position1 = (223, 248)
size1 = (50,50)
cutout1a = Cutout2D(np.flipud(data1a), position1, size1)
plt.imshow(np.flipud(data1a), origin='lower', cmap='gray') #using np.flipud as the image is inverted
cutout1a.plot_on_original(color='white') #displacing the position of the cut out in the image

#plotting cut out
plt.imshow(cutout1a.data, origin='lower', cmap='gray')

#importing the rest of the images taken in the session
hdulist2a = fits.open(r"C:\Users\dhruv\Desktop\Project Pics\Betelgeuse\Session 1\betelgeuse_751.fit")
hdulist3a = fits.open(r"C:\Users\dhruv\Desktop\Project Pics\Betelgeuse\Session 1\betelgeuse_752.fit")
hdulist4a = fits.open(r"C:\Users\dhruv\Desktop\Project Pics\Betelgeuse\Session 1\betelgeuse_753.fit")
hdulist5a = fits.open(r"C:\Users\dhruv\Desktop\Project Pics\Betelgeuse\Session 1\betelgeuse_754.fit")
hdulist6a = fits.open(r"C:\Users\dhruv\Desktop\Project Pics\Betelgeuse\Session 1\betelgeuse_755.fit")
hdulist7a = fits.open(r"C:\Users\dhruv\Desktop\Project Pics\Betelgeuse\Session 1\betelgeuse_756.fit")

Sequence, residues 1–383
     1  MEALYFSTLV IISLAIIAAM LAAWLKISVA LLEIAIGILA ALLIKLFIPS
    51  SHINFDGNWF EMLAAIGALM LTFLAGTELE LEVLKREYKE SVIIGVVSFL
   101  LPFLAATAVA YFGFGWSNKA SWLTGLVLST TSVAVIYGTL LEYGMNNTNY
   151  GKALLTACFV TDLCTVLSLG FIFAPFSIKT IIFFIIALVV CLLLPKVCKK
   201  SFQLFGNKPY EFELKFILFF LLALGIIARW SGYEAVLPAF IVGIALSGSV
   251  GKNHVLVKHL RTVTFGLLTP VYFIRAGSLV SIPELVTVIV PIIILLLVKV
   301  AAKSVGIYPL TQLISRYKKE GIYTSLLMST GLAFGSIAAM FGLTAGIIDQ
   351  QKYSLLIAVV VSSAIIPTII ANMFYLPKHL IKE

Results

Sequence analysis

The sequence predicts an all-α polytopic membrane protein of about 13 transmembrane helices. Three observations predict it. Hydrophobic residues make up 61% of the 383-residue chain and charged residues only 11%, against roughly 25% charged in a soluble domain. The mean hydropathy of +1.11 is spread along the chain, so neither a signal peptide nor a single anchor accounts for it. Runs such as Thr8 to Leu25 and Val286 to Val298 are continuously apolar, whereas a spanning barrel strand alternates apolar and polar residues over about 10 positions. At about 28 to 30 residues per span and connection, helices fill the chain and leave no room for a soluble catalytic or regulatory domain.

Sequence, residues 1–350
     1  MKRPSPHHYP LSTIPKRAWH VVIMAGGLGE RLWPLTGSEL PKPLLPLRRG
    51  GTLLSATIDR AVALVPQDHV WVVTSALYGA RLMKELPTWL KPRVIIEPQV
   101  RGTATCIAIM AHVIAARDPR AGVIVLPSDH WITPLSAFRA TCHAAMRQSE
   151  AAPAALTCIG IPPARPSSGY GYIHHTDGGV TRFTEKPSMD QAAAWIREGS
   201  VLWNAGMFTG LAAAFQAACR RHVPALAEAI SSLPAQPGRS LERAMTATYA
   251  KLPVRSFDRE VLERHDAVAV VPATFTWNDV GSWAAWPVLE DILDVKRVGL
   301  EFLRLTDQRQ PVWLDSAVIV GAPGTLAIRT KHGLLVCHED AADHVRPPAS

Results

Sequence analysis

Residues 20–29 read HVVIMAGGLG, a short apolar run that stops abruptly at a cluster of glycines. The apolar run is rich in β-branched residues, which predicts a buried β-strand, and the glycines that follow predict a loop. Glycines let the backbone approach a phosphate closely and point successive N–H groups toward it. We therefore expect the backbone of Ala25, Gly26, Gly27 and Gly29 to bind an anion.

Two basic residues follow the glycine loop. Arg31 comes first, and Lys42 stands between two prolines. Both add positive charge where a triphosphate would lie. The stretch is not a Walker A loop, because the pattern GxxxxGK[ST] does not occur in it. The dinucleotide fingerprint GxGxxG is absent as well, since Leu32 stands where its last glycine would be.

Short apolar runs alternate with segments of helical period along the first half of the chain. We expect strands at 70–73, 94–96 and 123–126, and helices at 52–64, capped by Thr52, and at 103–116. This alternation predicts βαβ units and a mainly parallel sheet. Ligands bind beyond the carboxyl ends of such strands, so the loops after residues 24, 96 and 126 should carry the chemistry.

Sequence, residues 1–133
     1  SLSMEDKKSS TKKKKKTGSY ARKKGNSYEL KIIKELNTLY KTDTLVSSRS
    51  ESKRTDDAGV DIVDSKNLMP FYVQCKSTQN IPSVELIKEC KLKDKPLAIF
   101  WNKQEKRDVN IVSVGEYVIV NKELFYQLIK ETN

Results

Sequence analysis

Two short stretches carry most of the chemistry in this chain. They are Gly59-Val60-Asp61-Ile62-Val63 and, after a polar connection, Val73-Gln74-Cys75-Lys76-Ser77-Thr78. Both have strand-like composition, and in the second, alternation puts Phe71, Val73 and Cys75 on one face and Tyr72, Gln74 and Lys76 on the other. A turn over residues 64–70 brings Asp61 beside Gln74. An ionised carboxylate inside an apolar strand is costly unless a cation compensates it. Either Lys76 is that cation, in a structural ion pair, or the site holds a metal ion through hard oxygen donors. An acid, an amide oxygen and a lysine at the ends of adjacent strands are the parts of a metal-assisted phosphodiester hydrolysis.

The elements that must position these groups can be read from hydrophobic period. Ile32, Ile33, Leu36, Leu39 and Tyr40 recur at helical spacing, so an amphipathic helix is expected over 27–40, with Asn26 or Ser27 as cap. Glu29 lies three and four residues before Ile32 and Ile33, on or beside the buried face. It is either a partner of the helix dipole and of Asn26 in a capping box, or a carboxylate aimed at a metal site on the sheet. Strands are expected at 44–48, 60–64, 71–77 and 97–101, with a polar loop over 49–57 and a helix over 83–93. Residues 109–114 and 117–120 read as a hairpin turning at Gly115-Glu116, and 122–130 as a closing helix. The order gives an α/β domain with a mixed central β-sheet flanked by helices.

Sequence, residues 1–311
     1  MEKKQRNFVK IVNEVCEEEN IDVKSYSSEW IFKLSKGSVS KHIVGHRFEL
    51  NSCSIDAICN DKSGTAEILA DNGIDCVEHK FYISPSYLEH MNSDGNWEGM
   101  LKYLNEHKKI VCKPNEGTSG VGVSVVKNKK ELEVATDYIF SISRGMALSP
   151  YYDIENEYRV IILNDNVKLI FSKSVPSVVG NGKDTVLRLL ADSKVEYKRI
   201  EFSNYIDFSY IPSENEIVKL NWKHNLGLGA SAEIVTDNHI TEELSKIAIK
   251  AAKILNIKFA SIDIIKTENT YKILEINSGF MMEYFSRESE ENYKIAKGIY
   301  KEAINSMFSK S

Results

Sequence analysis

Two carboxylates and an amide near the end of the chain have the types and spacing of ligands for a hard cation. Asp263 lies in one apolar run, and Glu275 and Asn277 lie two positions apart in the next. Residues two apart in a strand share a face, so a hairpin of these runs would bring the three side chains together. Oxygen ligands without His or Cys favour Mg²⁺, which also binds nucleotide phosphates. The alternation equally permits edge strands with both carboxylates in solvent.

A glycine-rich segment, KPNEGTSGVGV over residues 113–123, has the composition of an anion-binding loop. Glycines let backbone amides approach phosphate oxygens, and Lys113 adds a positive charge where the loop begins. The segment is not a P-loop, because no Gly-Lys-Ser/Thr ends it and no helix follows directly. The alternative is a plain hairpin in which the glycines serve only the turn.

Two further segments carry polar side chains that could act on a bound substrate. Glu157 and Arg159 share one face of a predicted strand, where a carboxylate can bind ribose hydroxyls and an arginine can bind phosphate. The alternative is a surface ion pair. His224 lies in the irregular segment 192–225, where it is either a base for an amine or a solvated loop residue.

hdulist8a = fits.open(r"C:\Users\dhruv\Desktop\Project Pics\Betelgeuse\Session 1\betelgeuse_757.fit")
hdulist9a = fits.open(r"C:\Users\dhruv\Desktop\Project Pics\Betelgeuse\Session 1\betelgeuse_758.fit")
hdulist10a = fits.open(r"C:\Users\dhruv\Desktop\Project Pics\Betelgeuse\Session 1\betelgeuse_759.fit")
hdulist11a = fits.open(r"C:\Users\dhruv\Desktop\Project Pics\Betelgeuse\Session 1\betelgeuse_760.fit")
hdulist12a = fits.open(r"C:\Users\dhruv\Desktop\Project Pics\Betelgeuse\Session 1\betelgeuse_761.fit")
hdulist13a = fits.open(r"C:\Users\dhruv\Desktop\Project Pics\Betelgeuse\Session 1\betelgeuse_762.fit")
hdulist14a = fits.open(r"C:\Users\dhruv\Desktop\Project Pics\Betelgeuse\Session 1\betelgeuse_763.fit")

#extracting the data of each image
data2a = (hdulist2a[0].data)/256
data3a = (hdulist3a[0].data)/256
data4a = (hdulist4a[0].data)/256
data5a = (hdulist5a[0].data)/256
data6a = (hdulist6a[0].data)/256
data7a = (hdulist7a[0].data)/256
data8a = (hdulist8a[0].data)/256
data9a = (hdulist9a[0].data)/256
data10a = (hdulist10a[0].data)/256
data11a = (hdulist11a[0].data)/256
data12a = (hdulist12a[0].data)/256
data13a = (hdulist13a[0].data)/256
data14a = (hdulist14a[0].data)/256

#stacking the images and plotting
sum1 = data1a+data2a+data3a+data4a+data5a+data6a+data7a+data8a+data9a+data10a+data11a+data12a+data13a+data14a
average1 = sum1/14
ax1a = plt.plot(average1)
average data plot session1 betel

All 14 of the images of Betelgeuse taken in session 1 stacked, where the x axis is the number of pixels???, and the y-axis is the relative mean average brightness of?? the stacked images.